George had never been the type of person to exercise. He was not physically gifted, didn’t play sports, and had no interest in golf or other outdoor activities. He was a couch potato and had no problem telling people that. However, when he was hospitalized following a heart attack, he had no idea what the recovery process would require.
When he found out exercise was highly recommended, he scoffed at it.
George was not concerned with hospital readmission. In his mid-70s, George felt that he had lived a good life and if he were to pass away tomorrow, that would be okay. His outward bravado notwithstanding, George was inwardly concerned about a lot of things, especially experiencing another heart attack.
That first one caused a tremendous amount of anxiety. He couldn’t shake the sensation he felt as his chest tightened, his arm tingled and went numb, and when he had extreme difficulty catching his breath. It was fortunate that his wife was there with him and called emergency services right away, the last thing he wanted was to ever experience that again. He told his wife he would rather go in his sleep if it was going to happen soon.
Even though exercise was important, George wasn’t willing to do it.
His doctor told him how important exercise was for strengthening the heart muscles. “If you don’t exercise,” his doctor said, “your heart muscles don’t get stronger and if they don’t get stronger, the risk of another heart attack is much higher.”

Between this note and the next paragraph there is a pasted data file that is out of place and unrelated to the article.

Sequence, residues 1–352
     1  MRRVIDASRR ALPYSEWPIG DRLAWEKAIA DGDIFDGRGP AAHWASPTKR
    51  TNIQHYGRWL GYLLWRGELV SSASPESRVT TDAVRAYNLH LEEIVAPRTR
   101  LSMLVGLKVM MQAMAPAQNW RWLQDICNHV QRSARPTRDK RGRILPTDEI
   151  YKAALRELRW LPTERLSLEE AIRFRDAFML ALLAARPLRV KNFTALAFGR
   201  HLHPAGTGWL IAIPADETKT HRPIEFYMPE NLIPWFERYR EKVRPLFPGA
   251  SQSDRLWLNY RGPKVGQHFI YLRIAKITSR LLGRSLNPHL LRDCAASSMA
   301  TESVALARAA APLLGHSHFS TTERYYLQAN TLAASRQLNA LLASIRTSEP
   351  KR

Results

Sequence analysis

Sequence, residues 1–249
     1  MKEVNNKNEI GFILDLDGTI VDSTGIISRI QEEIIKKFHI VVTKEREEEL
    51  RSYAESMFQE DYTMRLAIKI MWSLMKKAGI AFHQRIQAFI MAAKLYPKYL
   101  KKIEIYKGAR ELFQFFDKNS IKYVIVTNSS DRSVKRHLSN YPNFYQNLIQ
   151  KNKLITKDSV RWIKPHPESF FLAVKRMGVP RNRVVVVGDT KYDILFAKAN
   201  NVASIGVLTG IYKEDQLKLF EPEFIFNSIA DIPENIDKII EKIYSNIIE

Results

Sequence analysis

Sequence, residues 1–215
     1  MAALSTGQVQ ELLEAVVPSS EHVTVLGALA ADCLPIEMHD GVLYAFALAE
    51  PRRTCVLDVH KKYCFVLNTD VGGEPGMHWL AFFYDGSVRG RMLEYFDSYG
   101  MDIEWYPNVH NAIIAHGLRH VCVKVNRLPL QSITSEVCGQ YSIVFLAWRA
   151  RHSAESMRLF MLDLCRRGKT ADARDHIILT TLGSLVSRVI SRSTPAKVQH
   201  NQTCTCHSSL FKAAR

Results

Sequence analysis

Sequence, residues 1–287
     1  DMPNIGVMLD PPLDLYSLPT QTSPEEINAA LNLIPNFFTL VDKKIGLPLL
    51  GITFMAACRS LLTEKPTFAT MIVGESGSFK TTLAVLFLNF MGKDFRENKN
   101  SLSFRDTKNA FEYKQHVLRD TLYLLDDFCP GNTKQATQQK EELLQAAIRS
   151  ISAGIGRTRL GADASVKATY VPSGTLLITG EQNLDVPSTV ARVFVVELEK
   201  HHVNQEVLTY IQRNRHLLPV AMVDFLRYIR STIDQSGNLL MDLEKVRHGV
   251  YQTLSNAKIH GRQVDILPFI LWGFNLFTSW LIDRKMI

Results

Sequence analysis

The problem for George was how difficult exercise was.
He wasn’t overweight, but his muscles simply weren’t used to doing any serious activity. He assumed exercise involved going to the gym and working out, sweating hard for an hour or more every single day. When his doctor finally understood the trepidation, he explained to George that exercise for somebody his age and in his health condition could involve something as simple as walking at a brisk pace for 15 minutes.
“All you have to do,” his doctor said, “is get your heart rate elevated for at least 15 minutes every day.” If George didn’t do this, the risk of another heart attack and a readmission is going to be increased significantly. George finally started heeding that advice and exercising. When he knew he could improve his health with something as simple as a walk, it became much more appealing.
If you or an aging loved one are considering home care to reduce hospital readmission rates in Northbrook, IL, contact the caring staff at Companion Services of America today at (847) 943-3786. Our home care service area includes Northbrook, Highland Park, Deerfield, Glenview, Buffalo Grove, Evanston, Des Plaines, Skokie, Lake Forest, Wilmette and the surrounding areas.
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